Last week, I hosted a roundtable discussion at International Community Health Services in Seattle on the implementation of the Affordable Care Act (ACA). The next phase of ACA implementation starts on October 1, when enrollment in new state-based health insurance marketplaces will begin. Because of these marketplaces, across the country 25 million currently uninsured Americans are poised to get health insurance coverage. In Washington state, that means over 800,000 uninsured Washingtonians, or 15% of the state’s population, will be eligible for coverage in the marketplace. I met with health care providers, community leaders, and state health officials about the challenges and opportunities they will face as the marketplace is set up.
The Impacts of Sequestration Being Felt Across Washington State
The devastating impacts of sequestration are being felt across our state. As Chair of the Senate Budget Committee, I have been working to replace sequestration and subsequent furloughs for thousands of employees across the state by pushing my colleagues to move forward in budget negotiations. The Senate Budget I authored would fully replace sequestration with a balanced mix of revenue and spending cuts, but Tea Party Republicans have blocked efforts to move the budget process forward.
During recess, I travelled to Longview to tour a newly renovated housing facility for formerly homeless veterans. While there, officials from the Longview Housing Authority discussed how sequestration is affecting their ability to serve low-income people who need housing assistance, including veterans. I also toured a contracting company in Seattle that relies on both civilian and defense contracts, to meet with furloughed employees from JBLM and small business owners impacted by sequestration. The stories I heard at these events represent just a few of the many ways sequestration is impacting the lives of so many hardworking people across the country.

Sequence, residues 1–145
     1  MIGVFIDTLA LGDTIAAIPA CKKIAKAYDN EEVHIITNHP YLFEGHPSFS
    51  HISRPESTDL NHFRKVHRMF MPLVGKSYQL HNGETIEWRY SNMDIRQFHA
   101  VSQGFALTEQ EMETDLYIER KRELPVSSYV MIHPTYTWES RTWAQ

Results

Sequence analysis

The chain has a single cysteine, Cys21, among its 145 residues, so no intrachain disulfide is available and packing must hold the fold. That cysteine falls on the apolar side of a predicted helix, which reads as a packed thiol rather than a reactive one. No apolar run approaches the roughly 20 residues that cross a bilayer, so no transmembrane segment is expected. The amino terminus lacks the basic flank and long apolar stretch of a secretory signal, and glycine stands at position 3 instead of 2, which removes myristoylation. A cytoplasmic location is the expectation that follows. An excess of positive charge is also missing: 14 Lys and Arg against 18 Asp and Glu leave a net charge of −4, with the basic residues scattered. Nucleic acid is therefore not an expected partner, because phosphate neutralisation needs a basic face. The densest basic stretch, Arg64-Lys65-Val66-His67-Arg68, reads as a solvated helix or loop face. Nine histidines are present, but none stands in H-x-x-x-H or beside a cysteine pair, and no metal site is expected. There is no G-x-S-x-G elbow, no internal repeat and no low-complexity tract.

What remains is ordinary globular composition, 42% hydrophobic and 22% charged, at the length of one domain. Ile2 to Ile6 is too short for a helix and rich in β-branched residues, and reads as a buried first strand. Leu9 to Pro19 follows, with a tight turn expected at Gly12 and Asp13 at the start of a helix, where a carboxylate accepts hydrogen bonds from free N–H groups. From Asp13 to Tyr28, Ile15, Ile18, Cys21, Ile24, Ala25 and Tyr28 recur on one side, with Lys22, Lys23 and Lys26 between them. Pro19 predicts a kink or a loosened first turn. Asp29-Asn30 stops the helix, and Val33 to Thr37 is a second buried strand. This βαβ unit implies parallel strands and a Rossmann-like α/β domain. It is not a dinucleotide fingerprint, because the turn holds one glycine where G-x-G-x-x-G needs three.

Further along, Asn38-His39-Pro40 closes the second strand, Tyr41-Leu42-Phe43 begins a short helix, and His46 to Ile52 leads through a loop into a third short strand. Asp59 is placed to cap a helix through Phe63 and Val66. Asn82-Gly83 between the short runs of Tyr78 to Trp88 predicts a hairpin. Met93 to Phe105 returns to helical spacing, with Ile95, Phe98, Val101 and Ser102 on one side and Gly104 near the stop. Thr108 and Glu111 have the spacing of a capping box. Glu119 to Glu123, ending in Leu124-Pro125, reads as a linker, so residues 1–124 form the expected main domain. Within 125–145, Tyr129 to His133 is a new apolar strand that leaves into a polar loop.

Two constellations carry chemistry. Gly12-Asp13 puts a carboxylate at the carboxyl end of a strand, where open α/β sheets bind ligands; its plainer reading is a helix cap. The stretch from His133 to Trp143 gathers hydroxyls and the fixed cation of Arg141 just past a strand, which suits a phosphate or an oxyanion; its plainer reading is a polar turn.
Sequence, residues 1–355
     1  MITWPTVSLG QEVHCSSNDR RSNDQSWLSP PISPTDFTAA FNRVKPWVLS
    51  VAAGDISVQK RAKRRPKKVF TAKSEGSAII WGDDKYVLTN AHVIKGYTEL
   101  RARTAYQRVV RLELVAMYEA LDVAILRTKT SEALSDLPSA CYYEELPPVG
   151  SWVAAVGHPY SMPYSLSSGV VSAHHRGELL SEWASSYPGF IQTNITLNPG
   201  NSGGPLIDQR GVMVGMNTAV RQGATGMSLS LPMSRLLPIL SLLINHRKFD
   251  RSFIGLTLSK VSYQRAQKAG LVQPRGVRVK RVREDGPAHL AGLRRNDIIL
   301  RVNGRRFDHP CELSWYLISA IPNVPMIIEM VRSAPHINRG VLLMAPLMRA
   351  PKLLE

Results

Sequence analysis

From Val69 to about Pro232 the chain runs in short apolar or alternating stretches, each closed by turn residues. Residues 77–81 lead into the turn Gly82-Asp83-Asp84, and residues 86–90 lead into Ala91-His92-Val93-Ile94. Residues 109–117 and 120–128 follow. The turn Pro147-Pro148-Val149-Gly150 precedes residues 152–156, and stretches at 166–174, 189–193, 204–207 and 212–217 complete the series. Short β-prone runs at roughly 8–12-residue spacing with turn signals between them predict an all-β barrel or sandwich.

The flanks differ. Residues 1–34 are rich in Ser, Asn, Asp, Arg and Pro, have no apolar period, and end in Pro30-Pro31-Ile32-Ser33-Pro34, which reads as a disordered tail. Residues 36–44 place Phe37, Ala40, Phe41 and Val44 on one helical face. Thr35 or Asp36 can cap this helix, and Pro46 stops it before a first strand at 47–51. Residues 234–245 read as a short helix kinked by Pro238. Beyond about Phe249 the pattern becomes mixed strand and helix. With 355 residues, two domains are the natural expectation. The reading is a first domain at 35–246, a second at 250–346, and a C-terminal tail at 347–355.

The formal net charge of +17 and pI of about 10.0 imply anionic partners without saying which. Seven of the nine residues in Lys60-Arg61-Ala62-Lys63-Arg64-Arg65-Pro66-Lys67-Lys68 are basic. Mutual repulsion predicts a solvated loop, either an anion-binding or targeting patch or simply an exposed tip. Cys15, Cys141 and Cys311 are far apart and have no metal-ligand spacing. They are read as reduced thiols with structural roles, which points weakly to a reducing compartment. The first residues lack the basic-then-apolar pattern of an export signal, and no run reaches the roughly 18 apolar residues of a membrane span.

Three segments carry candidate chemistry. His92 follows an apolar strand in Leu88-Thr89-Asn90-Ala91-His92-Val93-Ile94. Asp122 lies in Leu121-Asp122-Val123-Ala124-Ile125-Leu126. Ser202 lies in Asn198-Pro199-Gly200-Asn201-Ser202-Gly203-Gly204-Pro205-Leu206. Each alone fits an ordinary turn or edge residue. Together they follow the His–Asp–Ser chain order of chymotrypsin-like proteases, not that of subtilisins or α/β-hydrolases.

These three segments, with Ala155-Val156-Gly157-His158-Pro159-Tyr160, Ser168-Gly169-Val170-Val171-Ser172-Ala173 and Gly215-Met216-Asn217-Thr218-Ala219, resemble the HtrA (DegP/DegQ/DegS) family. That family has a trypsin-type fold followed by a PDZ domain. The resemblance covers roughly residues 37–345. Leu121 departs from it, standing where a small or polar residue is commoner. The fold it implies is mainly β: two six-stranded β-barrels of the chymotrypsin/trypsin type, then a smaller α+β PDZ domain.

In Longview and Seattle I continued to stress the need for a balanced approach to addressing our current budget challenges that takes into consideration the need to invest in the middle-class and the resources that will help Washington state grow. I will use the stories I heard at these events to continue fighting for a balanced approach in the other Washington.
“Sen. Murray visits renovated veterans sanctuary in downtown Longview”
- Longview Daily News
“Murray tries to put a face on the sequester” - The Seattle Times
Touring Hanford, B Reactor National Historic Landmark
I was also able to tour Hanford with Department of Energy officials and community partners to view the improvements and preservation work DOE has undertaken in the five years since B Reactor was named a National Historic Landmark. The B Reactor played a critical role in the history of our nation, and I was proud to work for designation of B Reactor as a National Historic Landmark in 2008. On the tour I was able to see firsthand the wonderful progress being made at historic Hanford. I can also report that we are making progress back in Washington D.C. in passing legislation to designate this land as a National Park. The bill I co-sponsored, along with Senator Cantwell who has helped lead this effort, has passed in the Senate Energy and Natural Resources Committee and we are committed to continuing to move the bill toward passage in the full Senate. Just like I successfully fought to designate the B Reactor to become a National Historic Landmark this process will take time, but together, with the community, we will fight for the important next step of preserving the B Reactor and the other sites I saw on the tour.
“Sen. Patty Murray visits historic Hanford buildings” - The Tri-City Herald
Spokane with Secretary Shinseki
I was so honored to attend the renaming ceremony for the VA Medical Center in Spokane with Secretary of Veterans Affairs Eric Shinseki. The Mann-Grandstaff Medical Center honors the ultimate sacrifice two of our state’s native sons made to defend our country, and I was so proud to lead the charge with our Congressional delegation to help make this a reality.